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Singlespeed & Fixed Gear "I still feel that variable gears are only for people over forty-five. Isn't it better to triumph by the strength of your muscles than by the artifice of a derailer? We are getting soft...As for me, give me a fixed gear!"-- Henri Desgrange (31 January 1865 - 16 August 1940)

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Old 03-21-04, 08:39 AM   #1
fixedgearhead
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Touring fixed Gear Concept Bike

Here is an idea that I have been playing around with for some time. See what you think. What is the problem that most people think about when touring on a fixed gear bike, other than the long riding distances. Gearing choices. If you choose lower gears on a flip/flop you spin out on anything but climbs. If you choose high gears you can't climb. I came across a reference to something that might solve this age old dilemma. There was a solution available to this problem before the advent of Derailleurs.
What I am thinking about is having a fork with 120 mm drop out spacing made and then running a f/f rear wheel with 2 different sized cogs installed as a front wheel, along with the traditional rear wheel in the back. That would allow you to have 4 gear choices on one bike by not only flip/flopping the rear wheel but exchanging the front to back and then flip/flopping that wheel. This would be used for a truly long distance touring bike for cross country rides. Not for general around the town or local rides, unless the definition of local is Rocky Mountain towns. The other thing that would be necessary would be longer than usual rear drop outs to accommodate the extreme chain length variance due to the difference between largest and smallest of the 4 different cogs. The reference to this idea had 100 mm spacing on front and back that I saw. I guess you could do that if you used the appropriate length axles. I think it could be accomplished with Phil Wood hubs and 100 mm spacing end caps if that was your choice for spacing, but I would stay with 120 mm.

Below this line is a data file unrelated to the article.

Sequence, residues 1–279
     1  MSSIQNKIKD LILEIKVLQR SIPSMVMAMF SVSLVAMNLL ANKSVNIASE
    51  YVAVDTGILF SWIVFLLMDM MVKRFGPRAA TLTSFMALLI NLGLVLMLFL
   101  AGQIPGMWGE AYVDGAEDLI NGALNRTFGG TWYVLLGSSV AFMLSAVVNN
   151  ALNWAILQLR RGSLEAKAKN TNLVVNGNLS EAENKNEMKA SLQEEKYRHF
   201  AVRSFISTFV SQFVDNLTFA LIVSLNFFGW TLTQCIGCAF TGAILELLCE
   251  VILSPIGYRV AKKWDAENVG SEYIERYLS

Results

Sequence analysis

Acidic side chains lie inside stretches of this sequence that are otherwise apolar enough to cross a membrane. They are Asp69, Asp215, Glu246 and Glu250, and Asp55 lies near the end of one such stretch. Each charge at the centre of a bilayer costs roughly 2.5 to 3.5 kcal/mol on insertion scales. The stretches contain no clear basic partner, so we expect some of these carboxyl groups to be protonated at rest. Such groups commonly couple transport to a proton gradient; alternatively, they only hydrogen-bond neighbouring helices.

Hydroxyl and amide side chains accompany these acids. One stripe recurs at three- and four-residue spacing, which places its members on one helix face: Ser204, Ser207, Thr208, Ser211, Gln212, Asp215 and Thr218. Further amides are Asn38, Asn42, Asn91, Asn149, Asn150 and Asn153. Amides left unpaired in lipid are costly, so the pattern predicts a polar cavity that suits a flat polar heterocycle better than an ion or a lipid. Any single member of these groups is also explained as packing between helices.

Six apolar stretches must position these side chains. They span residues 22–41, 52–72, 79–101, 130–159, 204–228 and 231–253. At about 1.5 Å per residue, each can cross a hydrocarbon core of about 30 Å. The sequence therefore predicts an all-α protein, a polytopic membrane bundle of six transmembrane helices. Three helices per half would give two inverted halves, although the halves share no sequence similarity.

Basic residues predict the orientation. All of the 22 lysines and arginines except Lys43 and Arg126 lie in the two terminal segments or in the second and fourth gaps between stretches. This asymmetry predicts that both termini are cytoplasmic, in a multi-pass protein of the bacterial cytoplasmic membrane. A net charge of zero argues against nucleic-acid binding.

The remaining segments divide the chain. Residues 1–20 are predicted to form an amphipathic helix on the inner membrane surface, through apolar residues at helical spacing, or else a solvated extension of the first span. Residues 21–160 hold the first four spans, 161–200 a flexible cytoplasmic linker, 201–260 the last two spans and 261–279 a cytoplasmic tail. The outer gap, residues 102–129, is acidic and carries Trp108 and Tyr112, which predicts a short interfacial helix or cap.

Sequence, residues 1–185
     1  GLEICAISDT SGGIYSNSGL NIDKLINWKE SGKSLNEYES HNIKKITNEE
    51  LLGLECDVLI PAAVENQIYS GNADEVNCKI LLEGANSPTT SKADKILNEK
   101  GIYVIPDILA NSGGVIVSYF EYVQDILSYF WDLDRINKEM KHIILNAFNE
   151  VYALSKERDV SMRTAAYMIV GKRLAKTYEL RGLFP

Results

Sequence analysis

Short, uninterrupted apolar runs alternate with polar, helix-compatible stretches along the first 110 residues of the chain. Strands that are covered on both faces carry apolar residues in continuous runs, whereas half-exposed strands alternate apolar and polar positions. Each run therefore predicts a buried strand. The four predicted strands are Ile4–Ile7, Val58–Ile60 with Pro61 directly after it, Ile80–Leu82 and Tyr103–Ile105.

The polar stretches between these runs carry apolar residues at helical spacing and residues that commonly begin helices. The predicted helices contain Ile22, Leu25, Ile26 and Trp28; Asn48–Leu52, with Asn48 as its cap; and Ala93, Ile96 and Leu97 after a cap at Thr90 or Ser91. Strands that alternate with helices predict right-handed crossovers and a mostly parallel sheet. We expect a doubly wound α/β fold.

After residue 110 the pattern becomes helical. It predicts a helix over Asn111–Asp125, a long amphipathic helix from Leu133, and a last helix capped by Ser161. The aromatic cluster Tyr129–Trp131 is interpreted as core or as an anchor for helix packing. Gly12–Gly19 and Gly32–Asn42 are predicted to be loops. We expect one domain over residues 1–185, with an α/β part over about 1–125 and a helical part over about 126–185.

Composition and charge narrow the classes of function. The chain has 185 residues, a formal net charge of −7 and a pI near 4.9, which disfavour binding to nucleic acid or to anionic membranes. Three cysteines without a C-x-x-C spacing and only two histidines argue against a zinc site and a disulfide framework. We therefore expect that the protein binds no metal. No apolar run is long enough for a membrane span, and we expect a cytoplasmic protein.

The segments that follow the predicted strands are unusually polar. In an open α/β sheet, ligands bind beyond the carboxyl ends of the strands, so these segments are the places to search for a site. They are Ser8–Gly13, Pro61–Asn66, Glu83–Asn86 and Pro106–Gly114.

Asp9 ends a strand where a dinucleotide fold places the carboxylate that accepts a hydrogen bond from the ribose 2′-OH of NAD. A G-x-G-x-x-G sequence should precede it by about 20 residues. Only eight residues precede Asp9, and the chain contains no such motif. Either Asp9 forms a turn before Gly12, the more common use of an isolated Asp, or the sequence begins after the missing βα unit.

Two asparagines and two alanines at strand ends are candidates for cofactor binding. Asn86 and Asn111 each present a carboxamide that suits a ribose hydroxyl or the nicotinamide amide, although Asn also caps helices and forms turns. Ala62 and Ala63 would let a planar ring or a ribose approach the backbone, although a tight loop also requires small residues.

What you would do is use the wheel with the smaller of the two sets of cogs on the flatter sections of the cross country ride. 2 cogs can handle most circumstances that you would encounter in the majority of the country before you reach the Rocky Mountains. I know when I rode the Rocky mountains a couple of years ago I was forced to increase the cog size from my normal ones by a couple of teeth, and lengthen the chain, to accommodate the sometimes 5 mile long ascents. It almost defeated me, and if I had not brought along the other cogs, and chain and put them on when I started out from Colorado springs, where I was staying with some friends for a couple of weeks, I wouldn't have been able to ride the area at all. When you get to the Rockies, or some such demanding area, you move the front wheel to the back and take off. I know you can carry chain whips and extra cogs and chains and accomplish the same thing, but that is a lot of roadside mechanics that wouldn't be necessary with this setup. And, you wouldn't need to account for the extra chain length necessary for the newly installed cogs without some extra chain and the attendant changes that entails. This is just one of the things that I waste my time on during those long snowy winter days when I dream about being back on the road and riding long distances to adventure. Probably wouldn't cost to much if you consider the potential, if you were having a frame made or were willing to modify the forks on a frame you already possess. I had a Track fork made recently and it cost under 200 bucks color matched to the frame. I have had stainless steel dropouts made and installed for 35 bucks. So you see, not all that expensive. The cost of the rear hub would be greater than the cost of a front hub but I don't think that would break the bank. Once again, for long distance use, not local use although you could use it locally. What does anybody think?